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Teaching Lighting Class

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Nathan Riddle:
Couldn't decide which subforum (lighting, church sound, HOW); mods move as you see fit.

Referencing this post:
http://forums.prosoundweb.com/index.php/topic,167699

I'll be teaching two classes.

1) "Moving Lights & Worship" (using moving lights in worship)
2) "Enhance Worship with Color" (using color to enhance worship)

Wanted to get some ideas/thoughts you experts might have.

1)
I'd go over the types of lights briefly (par, fresnel, leko, etc)

Lamps/temp (LED, Arc, Halogen, Incandescent)

Then types of moving lights in depth (wash, spot, beam).

Tempo = Movement speed FX

etc.

2)
Types of color producing lights (LED vs gel)

Field & beam angle

Colors to produce (purple doesn't exist)

Look at the lyrics, not just colors in the words (fire = red, light = white) , but also look for symbolism: King = Royalty = Purple or Envy/Money = Green)

Listen to the mood/timber of the music = color

etc.

Erik Jerde:
The music flows from the lyric, the lyric from the scripture.  The music creates emotion which helps the congregant connect to God via the lyric.  The lighting needs to reinforce and/or enhance the emotion already present in the music.  Is the music introspective, quiet, personal or is it big, celebratory, shout it out?  It could be both and the lighting should help emphasize each mood.

At the core of it technology in worship should serve the sole purpose of supporting the mission and the vision of the organization.  Tie it back to that, give it great purpose rather than just a means of lighting the platform.  If you legitimately do that it gives you a much stronger position when people accuse you of rock concert/entertainment worship.  Not that worship shouldn't be fun at times, it should!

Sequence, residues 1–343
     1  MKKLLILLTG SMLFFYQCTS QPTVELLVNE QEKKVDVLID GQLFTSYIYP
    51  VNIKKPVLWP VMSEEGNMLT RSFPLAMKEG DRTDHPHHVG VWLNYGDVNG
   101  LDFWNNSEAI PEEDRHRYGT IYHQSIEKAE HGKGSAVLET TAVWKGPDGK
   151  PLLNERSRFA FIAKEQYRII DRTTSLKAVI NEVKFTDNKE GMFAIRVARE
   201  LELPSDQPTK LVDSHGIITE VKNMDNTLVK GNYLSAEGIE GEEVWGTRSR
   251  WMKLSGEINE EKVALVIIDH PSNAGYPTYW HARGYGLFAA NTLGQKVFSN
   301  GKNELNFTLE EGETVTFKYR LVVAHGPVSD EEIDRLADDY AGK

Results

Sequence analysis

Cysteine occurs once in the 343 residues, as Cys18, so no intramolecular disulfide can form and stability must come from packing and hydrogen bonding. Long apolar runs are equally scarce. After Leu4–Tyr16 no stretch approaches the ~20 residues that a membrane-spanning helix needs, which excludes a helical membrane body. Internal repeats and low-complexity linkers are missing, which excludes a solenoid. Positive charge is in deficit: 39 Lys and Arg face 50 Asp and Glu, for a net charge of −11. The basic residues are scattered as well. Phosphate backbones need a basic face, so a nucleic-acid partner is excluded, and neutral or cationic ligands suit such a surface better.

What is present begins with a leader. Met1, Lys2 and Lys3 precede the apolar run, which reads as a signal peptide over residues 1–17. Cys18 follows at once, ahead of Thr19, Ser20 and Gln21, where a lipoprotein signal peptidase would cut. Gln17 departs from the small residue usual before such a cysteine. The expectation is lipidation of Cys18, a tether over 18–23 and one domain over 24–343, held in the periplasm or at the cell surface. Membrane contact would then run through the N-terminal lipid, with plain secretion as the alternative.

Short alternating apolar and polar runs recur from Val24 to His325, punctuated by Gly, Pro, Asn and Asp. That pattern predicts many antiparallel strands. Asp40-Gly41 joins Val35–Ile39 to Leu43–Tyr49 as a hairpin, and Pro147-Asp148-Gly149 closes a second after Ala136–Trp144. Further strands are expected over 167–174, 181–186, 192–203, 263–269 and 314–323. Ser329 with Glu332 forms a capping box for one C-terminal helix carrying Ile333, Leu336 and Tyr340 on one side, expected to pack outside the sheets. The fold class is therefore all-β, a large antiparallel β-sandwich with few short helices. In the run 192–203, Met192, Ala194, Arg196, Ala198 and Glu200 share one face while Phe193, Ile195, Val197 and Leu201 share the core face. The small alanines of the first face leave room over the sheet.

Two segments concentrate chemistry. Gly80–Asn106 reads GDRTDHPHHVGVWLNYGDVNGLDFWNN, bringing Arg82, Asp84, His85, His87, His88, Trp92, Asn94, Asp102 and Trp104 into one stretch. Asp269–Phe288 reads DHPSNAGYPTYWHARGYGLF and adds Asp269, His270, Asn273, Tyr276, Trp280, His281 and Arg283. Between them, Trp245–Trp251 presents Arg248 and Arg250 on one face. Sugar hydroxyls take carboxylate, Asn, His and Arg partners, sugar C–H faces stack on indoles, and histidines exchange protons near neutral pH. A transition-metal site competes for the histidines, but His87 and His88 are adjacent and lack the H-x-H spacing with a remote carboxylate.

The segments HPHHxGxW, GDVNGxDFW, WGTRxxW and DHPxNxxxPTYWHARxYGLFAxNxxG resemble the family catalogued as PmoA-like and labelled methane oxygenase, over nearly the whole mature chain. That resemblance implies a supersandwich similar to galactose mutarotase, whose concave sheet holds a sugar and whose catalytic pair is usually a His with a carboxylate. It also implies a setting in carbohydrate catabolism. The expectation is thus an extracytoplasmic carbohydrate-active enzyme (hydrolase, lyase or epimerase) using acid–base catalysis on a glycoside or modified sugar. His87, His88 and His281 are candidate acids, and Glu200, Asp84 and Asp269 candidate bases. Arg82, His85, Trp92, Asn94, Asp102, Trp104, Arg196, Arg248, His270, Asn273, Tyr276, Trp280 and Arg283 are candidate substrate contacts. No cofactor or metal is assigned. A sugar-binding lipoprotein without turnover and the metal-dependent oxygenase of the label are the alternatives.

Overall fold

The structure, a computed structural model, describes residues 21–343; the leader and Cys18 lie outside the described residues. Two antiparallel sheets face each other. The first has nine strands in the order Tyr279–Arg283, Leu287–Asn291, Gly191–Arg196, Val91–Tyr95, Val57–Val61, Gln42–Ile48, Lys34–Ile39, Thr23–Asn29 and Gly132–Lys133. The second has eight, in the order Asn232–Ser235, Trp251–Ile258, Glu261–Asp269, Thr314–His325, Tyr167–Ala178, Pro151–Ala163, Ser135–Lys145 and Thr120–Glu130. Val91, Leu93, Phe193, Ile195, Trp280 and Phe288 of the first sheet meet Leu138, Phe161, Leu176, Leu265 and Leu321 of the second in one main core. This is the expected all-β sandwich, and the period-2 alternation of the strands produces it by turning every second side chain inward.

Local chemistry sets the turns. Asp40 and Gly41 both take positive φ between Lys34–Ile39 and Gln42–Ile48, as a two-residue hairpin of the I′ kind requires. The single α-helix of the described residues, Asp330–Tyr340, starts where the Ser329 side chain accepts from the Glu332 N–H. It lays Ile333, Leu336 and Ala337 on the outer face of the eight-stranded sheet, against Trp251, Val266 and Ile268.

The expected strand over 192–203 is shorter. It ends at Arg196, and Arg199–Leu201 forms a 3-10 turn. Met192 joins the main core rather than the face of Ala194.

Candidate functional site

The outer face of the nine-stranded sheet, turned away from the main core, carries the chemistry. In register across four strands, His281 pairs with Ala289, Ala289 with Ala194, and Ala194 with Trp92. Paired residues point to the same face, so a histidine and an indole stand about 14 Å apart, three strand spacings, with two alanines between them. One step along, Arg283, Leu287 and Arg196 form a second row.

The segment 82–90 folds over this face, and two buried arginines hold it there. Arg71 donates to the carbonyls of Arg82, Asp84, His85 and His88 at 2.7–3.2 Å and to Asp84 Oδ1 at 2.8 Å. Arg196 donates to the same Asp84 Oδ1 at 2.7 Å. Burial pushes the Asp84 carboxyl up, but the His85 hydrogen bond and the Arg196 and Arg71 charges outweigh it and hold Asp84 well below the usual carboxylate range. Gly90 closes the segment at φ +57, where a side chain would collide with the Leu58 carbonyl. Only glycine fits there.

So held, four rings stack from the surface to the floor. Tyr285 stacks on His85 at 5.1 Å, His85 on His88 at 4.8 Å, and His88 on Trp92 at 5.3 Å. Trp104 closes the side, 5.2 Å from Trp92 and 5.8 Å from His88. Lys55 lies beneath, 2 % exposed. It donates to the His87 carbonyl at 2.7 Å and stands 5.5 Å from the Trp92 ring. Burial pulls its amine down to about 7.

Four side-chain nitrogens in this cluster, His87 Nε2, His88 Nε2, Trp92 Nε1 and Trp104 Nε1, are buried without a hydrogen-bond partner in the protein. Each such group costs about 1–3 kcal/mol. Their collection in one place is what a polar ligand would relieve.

In my experience new/young lighting designers in church want to use all the toys all the time.  Less is more!  I know of churches that have rented in some really cool effects and used them at one moment in one song.  Because of the discipline in that programing choice the effect had great impact when used.  It's completely ok to have one look for an entire song if it's the right look.

The lighting designer/operator should know the music as well as the musicians (maybe better depending on your musicians!).  They should know it cold!  Color theory is super important for lighting people, that's why I'd rather train a visual artist to do lights than train an engineer in the visual arts.

Just a few thoughts, laundry needs folded and I gotta go keep my wife happy.  :)

Nathan Riddle:

--- Quote from: Erik Jerde on June 19, 2018, 08:45:34 pm ---At the core of it technology in worship should serve the sole purpose of supporting the mission and the vision of the organization.  Tie it back to that, give it great purpose rather than just a means of lighting the platform.  If you legitimately do that it gives you a much stronger position when people accuse you of rock concert/entertainment worship.  Not that worship shouldn't be fun at times, it should!

The music flows from the lyric, the lyric from the scripture.  The music creates emotion which helps the congregant connect to God via the lyric.  The lighting needs to reinforce and/or enhance the emotion already present in the music.  Is the music introspective, quiet, personal or is it big, celebratory, shout it out?  It could be both and the lighting should help emphasize each mood.

In my experience new/young lighting designers in church want to use all the toys all the time.  Less is more!  I know of churches that have rented in some really cool effects and used them at one moment in one song.  Because of the discipline in that programing choice the effect had great impact when used.  It's completely ok to have one look for an entire song if it's the right look.

The lighting designer/operator should know the music as well as the musicians (maybe better depending on your musicians!).  They should know it cold!  Color theory is super important for lighting people, that's why I'd rather train a visual artist to do lights than train an engineer in the visual arts.

Just a few thoughts, laundry needs folded and I gotta go keep my wife happy.  :)

--- End quote ---

I love where you started at. Definitely going to incorporate that into my presentation, thanks!